… I see only the options available in my current available contexts! So I no longer see “buy the doorknob” because I’m not at the hardware store, and I no longer see “mail the check” because I’m not near a mailbox.

Now we did note a few posts back that contexts are really like Venn diagrams: an action might be in more than one context. So this is a slight limitation of a simple spreadsheet. Still, it is a good enough method to handle the majority of cases. And since when you click the autofilter popup menu you do see all the contexts in your sheet, it’s easy and quick to review which options might be relevant.

Weekly Review

The Weekly Review is also made simple by autofiltering. First, clear the Context filter we set above (go back to seeing items in All contexts). Then in the Action filter, choose to show only the action “…”, and voilà …

… we see only the project headings.

Or by clearing the Action filter and toggling the Project filter, you can just see the actions for one project. So to do the Weekly Review, you could look at a project, and then when you’ve reviewed it and are happy, put an “x” in the R column of its master (“…” action) row. Then switch back to only showing the “…” rows and see which projects are still missing their “x”. Then switch back to showing all the actions of those projects. And so forth. When you’re done with the review, just clear all the “x” cells until next week’s review.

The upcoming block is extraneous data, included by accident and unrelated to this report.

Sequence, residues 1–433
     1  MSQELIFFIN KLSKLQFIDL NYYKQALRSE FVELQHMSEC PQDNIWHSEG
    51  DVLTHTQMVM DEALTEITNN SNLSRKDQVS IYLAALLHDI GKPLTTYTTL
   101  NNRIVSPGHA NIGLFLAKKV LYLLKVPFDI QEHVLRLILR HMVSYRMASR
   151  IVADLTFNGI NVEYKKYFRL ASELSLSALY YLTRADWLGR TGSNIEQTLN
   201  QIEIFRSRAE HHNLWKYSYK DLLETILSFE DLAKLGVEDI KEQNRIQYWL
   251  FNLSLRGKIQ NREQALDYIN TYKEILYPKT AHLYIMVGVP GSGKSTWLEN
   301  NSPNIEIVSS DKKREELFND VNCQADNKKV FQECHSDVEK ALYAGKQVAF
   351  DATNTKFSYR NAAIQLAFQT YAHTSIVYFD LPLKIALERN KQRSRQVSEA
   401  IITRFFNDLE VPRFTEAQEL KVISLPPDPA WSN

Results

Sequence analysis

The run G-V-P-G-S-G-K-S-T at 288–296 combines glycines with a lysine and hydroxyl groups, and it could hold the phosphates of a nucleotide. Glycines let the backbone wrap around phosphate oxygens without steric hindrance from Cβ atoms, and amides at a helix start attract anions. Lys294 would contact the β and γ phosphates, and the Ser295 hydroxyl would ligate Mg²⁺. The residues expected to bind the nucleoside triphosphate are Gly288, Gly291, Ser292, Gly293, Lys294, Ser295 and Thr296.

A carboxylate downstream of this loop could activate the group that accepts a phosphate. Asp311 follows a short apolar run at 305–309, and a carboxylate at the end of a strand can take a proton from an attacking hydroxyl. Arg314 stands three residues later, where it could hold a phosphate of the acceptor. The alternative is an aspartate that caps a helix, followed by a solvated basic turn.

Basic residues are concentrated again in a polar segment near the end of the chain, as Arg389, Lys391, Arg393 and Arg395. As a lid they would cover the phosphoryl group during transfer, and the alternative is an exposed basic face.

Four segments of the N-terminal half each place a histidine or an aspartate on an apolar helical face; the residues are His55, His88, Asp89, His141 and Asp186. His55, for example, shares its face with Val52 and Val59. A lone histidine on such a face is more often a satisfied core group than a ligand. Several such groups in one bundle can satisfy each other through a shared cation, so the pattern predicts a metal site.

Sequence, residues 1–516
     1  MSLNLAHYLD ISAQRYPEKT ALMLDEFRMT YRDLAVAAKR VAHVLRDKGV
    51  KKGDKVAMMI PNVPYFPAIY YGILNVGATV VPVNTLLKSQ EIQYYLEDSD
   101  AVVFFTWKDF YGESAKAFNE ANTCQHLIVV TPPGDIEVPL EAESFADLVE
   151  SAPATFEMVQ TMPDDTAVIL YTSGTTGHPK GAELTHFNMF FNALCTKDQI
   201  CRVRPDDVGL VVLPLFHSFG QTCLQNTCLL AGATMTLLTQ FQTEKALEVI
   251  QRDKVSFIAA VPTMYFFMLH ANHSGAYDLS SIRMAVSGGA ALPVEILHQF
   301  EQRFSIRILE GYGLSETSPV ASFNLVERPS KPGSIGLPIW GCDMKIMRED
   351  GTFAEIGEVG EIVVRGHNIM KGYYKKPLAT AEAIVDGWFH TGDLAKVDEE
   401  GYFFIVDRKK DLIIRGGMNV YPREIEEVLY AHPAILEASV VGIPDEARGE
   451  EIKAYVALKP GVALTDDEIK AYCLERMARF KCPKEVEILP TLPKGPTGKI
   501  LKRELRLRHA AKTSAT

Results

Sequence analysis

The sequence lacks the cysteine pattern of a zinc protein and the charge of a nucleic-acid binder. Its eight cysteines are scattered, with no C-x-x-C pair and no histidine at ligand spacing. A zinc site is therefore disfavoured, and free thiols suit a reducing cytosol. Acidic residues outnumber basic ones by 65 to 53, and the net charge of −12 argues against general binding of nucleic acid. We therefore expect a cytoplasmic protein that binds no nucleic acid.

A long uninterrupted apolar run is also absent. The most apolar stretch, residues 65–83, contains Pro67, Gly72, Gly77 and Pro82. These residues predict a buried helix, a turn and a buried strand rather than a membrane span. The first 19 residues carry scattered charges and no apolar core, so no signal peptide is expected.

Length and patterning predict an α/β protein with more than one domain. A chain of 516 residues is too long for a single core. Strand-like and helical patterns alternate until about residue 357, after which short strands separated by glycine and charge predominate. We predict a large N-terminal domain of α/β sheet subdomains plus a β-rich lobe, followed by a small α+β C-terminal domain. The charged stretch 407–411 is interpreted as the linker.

The other tabs

The Someday and Completed tabs can be organized as you see fit. How much information do you need to keep about completed projects or actions? How much detail does a “Someday/Maybe” idea get to have before it becomes a real project? Up to you.

Room for Improvement

Here’s just a few ways you could make this spreadsheet even cooler if you’re a spreadsheet geek:

  • Add a “Done” column to the Actions tab. When you put an “x” in that column, it’s another way to filter out actions you don’t need to see anymore all the time but maybe you want to keep them for easy reference as the project continues.
  • If you wanted to get really sophisticated, you could add a “Ready to act?” column and define a formula. If the action doesn’t have a Defer date at all, or if its Defer date has already passed, and it doesn’t have a Required action, then it’s ready to do.
  • Combining the above two ideas, you could get really sophisticated with some further formula tricks: an item whose Required action is marked Done would then become Ready itself (once any applicable Defer date had come).
  • Big projects could be broken out into their own tabs.
  • Big contexts could be broken out into their own tabs, gathering next items from project tabs by looking at the Context columns of each.

And so on. The takeaway here is, if you can’t afford some dedicated to-do software with contexts and dependencies and workflows … build your own to your own level of sophistication.

Incidentally, there are plenty of people who’ve made sophisticated spreadsheet templates and setups for the GTD methodology. A little searching will find a number of them. I just wanted to make a very simple example which uses only the most basic spreadsheet functionality for the beginner. Hopefully you’ve found it useful.

Next post: In what will likely be the finale of our GTD series, we will wrap up with a brief summary of the ideas we’ve learned along the way.